THE judiciary in Pakistan has traditionally been viewed as a rubber stamp for coup-makers who intrude into politics. Justice Iftikhar Chaudhry showed the courage to defy Gen Pervez Musharraf — albeit seven years after the army chief had entrenched himself as head of state. In the words of The Economist (August 2009), “Most people do not care to remember that Mr Chaudhry and his colleagues also took their oaths after Mr Musharraf’s first coup … and owe their promotions to him”. Justice Chaudhry won popularity as a David who took on Goliath.
Today Chief Justice Saqib Nisar’s judicial activism has found some supporters too. And one can understand why. When a vacuum is created in any area of national life, it is inevitable that it will be filled by one or the other force. Matters of governance have deteriorated to such an extent in all sectors that people here are in a state of despair.
The chief justice has taken suo motu action on a variety of issues ranging from schools running on pavements and maladministration in government hospitals to water contamination in Sindh and Punjab. We do not know how many of his interventions have borne fruits, but they have made headlines. Hence there is criticism from some quarters. It is pointed out that in the area where he could make a difference — ie reforming the judiciary —similar alacrity has been missing.
At a time when this issue was occupying much space in the media, I happened to be reading the memoirs of a former chief justice of the Federal Shariat Court, Justice Haziqul Khairi. In his interesting book called Jagtay Lamhay, written in a lucid style, the author has recorded his experiences while occupying various eminent positions, namely, principal S.M. Law College, judge of the Sindh High Court, chief justice of the Federal Sharia Court, member of the Council of Islamic Ideology and as Sindh ombudsman. As was to be expected, the chapter on the ombudsman caught my immediate attention given the present context of the superior judiciary’s concern for the rights of the people of Pakistan.
Ombudsmen should play an active role in redressing public woes.
Retired Justice Haziqul Khairi was Sindh’s ombudsman from 1999 to 2003, not an easy period in the constitutional history of Pakistan. Nevertheless he could use his powers to address a number of sensitive issues and also produce results without overstepping his limits.
Khairi Sahib points out that the institution of the ombudsman is designed to ensure the smooth running of the administration and provide relief to any citizen who has been wronged by an action of the government. It is considered to be a ‘prized post’ but can also put its holder to the test. Khairi Sahib attributes his effectiveness to the fact that he could act independently of the government. That requires integrity and courage.
Among the numerous cases that he took up, two (one suo motu) merit mention to show what an ombudsman can actually do to deliver justice in the normal course of life without much brouhaha.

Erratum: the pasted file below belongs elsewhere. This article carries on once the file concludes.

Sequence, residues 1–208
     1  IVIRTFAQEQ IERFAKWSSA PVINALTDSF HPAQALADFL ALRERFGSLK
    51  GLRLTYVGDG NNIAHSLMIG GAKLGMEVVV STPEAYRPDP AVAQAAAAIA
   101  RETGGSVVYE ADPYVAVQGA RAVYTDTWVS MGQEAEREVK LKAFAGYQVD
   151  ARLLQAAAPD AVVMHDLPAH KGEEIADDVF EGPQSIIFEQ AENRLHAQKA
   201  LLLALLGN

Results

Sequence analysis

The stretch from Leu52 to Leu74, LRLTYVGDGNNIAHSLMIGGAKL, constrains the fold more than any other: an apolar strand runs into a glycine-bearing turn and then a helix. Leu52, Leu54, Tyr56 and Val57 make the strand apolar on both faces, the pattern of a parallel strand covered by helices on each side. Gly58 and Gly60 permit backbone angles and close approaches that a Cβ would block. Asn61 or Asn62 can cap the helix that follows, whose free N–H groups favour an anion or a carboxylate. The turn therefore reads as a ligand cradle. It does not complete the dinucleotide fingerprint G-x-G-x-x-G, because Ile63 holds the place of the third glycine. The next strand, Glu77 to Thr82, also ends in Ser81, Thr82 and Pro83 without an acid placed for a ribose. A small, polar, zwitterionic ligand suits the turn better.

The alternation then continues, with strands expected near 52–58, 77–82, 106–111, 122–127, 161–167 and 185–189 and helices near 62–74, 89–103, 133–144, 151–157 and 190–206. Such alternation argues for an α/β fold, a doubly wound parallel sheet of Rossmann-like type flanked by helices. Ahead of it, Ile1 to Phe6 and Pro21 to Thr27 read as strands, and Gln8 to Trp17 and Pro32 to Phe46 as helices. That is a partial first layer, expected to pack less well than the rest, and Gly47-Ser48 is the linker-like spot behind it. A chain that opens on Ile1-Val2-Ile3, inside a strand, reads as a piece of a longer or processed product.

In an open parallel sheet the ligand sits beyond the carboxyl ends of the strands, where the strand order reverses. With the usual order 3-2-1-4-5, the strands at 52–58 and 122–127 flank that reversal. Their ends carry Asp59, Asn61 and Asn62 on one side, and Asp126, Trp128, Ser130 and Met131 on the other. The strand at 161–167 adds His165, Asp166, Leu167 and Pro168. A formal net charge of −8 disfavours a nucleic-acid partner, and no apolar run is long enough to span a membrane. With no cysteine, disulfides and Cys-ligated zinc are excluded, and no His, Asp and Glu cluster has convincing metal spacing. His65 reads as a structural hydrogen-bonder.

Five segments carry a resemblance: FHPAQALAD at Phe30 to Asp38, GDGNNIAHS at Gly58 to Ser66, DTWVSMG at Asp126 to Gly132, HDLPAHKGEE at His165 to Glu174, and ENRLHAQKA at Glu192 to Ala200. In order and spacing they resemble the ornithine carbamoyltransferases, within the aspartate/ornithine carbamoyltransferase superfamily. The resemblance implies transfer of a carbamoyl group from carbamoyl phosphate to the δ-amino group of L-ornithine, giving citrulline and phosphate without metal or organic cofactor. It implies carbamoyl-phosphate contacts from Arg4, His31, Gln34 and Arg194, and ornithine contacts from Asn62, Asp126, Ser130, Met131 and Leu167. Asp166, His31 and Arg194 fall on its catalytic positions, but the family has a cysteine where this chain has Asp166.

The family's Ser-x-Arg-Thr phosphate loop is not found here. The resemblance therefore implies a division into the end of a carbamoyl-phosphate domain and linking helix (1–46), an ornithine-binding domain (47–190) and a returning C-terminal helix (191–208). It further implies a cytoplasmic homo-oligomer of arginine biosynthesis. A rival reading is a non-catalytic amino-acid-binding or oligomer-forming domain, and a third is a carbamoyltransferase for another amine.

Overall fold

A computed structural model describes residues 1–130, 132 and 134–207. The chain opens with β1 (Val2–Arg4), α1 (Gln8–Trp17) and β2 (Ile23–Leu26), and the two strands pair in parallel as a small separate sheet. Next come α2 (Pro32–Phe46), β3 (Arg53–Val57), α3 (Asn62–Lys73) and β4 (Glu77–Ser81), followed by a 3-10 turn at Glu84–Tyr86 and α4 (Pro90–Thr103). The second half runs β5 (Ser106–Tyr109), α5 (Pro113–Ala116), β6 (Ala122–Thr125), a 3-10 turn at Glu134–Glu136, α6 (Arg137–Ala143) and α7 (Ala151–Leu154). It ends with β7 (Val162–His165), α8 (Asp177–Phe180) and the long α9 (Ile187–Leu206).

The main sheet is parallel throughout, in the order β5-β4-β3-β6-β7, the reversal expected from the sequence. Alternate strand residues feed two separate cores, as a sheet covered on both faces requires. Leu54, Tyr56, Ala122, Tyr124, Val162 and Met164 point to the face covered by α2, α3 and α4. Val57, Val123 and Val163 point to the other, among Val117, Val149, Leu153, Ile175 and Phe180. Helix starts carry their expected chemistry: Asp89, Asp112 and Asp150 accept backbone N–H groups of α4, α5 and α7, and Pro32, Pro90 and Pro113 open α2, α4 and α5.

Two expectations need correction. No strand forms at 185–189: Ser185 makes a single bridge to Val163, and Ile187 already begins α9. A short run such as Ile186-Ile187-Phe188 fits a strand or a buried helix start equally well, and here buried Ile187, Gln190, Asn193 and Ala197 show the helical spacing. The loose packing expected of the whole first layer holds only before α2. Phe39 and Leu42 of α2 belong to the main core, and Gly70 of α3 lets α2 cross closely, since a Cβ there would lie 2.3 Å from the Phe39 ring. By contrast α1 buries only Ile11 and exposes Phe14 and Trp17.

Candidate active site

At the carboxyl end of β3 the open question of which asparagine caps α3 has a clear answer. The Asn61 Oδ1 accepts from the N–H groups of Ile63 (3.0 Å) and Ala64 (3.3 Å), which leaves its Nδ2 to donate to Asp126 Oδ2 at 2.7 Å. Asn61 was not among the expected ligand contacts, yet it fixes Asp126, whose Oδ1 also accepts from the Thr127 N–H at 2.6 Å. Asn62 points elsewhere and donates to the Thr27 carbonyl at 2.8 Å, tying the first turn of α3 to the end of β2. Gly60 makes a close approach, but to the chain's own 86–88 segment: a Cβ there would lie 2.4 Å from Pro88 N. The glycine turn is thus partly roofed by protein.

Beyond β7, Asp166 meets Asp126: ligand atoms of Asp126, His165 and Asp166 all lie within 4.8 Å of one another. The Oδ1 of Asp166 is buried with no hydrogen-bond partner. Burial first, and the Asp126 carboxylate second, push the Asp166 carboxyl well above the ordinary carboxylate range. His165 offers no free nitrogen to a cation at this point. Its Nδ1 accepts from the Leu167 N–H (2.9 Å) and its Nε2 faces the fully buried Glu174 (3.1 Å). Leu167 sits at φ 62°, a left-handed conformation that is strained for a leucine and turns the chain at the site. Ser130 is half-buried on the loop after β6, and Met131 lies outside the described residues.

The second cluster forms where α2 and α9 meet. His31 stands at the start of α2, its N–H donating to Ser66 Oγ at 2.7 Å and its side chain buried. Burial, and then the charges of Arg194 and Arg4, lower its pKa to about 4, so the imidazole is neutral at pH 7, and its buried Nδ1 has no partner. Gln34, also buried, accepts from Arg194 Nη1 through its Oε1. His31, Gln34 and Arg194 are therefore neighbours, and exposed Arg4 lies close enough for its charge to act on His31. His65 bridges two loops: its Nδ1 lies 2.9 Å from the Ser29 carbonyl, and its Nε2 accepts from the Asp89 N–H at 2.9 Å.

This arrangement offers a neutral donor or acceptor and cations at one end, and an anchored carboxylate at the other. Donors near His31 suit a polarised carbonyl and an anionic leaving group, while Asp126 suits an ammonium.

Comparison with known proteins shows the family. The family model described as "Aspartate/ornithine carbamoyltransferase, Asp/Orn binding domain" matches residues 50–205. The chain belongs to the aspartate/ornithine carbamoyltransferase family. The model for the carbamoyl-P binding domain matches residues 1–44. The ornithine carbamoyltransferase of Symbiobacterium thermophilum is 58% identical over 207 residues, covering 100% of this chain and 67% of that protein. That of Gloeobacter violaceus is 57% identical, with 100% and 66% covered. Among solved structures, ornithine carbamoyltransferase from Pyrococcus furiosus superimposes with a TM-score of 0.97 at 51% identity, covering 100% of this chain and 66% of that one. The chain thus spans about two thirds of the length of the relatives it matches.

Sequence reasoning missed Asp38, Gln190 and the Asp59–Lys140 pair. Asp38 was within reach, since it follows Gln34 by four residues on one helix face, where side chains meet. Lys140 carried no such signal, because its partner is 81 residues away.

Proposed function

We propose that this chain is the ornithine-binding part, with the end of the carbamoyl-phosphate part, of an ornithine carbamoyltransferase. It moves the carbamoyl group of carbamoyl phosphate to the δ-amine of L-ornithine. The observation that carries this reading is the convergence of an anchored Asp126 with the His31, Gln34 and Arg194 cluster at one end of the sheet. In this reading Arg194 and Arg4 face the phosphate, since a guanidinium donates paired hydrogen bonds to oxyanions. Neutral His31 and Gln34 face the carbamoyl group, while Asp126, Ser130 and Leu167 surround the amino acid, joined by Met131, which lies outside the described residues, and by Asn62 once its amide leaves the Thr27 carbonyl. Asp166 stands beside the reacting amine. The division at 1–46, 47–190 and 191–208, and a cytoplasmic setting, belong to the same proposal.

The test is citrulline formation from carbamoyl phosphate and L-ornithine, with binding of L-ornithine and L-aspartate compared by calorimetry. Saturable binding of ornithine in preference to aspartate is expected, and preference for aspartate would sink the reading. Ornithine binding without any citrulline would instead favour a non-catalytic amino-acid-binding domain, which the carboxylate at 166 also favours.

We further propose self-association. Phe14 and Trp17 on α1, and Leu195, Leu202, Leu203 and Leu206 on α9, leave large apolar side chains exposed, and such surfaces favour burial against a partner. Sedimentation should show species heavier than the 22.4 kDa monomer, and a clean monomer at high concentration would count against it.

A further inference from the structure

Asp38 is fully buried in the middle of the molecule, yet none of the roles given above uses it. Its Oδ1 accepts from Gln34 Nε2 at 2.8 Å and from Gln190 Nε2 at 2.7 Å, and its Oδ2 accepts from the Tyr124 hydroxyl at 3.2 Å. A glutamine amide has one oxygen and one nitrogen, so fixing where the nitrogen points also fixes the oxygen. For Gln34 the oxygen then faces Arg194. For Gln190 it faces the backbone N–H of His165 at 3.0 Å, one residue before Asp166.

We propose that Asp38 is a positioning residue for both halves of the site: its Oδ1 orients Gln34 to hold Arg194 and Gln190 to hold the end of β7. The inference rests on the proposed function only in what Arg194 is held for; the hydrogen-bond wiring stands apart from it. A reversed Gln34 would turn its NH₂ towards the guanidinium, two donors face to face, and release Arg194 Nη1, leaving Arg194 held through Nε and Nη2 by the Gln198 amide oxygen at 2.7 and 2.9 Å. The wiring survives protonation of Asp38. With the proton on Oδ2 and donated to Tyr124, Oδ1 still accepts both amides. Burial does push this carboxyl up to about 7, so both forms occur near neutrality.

One was the case of a park for women and children in Bahadurabad which had been encroached upon by the police to build a thana. The ombudsman investigated it and had it demolished when he found this to be unauthorised. Another major achievement was his success in getting the land restored to its rightful owner when it was unlawfully occupied by the imam of a neighbourhood mosque “to win divine blessings for his congregation”.
On reading this, I became curious about the ombudsman’s role. A round of emailing to the federal and the four provincial ombudsmen for their latest annual reports met with success from only two — KP and Sindh. KP sent me its 2013 annual report — the last year of the ANP’s tenure in office in Peshawar.
Sindh was an interesting case. The office has certainly reached out to the people and made itself accessible. This was reflected in the large number of complaints it received in 2016 — 7,424. The highest number was unsurprisingly against the police, with the education department a close second. It is disappointing that 58 per cent of these were not admitted for one reason or another. Only a third of the complaints against the police were taken up. A decision was taken within the year only on a third of all the admitted cases with 67pc of the complainants being provided relief. The ombudsman took up only two cases suo motu.
Why are the ombudsmen not playing a more proactive and effective role in providing administrative justice to society and not to individuals alone? The excesses committed by the administration against public interest go unnoticed when the ombudsman has suo motu powers to take up such cases. Do we have to leave it to the Supreme Court chief justice, who is already overburdened with cases, to do what is fundamentally the duty of the ombudsman?
Published in Dawn, April 27th, 2018